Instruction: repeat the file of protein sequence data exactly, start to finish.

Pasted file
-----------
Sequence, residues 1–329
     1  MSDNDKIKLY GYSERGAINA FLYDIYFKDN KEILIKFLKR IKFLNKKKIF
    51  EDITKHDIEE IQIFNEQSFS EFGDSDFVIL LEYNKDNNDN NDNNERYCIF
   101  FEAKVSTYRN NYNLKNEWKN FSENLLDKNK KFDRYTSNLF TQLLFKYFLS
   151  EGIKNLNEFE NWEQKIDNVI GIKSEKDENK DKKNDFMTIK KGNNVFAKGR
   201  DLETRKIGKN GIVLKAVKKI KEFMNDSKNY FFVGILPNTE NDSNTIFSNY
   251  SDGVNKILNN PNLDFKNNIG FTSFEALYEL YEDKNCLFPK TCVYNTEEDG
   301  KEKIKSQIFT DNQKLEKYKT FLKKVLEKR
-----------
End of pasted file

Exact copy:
Sequence, residues 1–329
     1  MSDNDKIKLY GYSERGAINA FLYDIYFKDN KEILIKFLKR IKFLNKKKIF
    51  EDITKHDIEE IQIFNEQSFS EFGDSDFVIL LEYNKDNNDN NDNNERYCIF
   101  FEAKVSTYRN NYNLKNEWKN FSENLLDKNK KFDRYTSNLF TQLLFKYFLS
   151  EGIKNLNEFE NWEQKIDNVI GIKSEKDENK DKKNDFMTIK KGNNVFAKGR
   201  DLETRKIGKN GIVLKAVKKI KEFMNDSKNY FFVGILPNTE NDSNTIFSNY
   251  SDGVNKILNN PNLDFKNNIG FTSFEALYEL YEDKNCLFPK TCVYNTEEDG
   301  KEKIKSQIFT DNQKLEKYKT FLKKVLEKR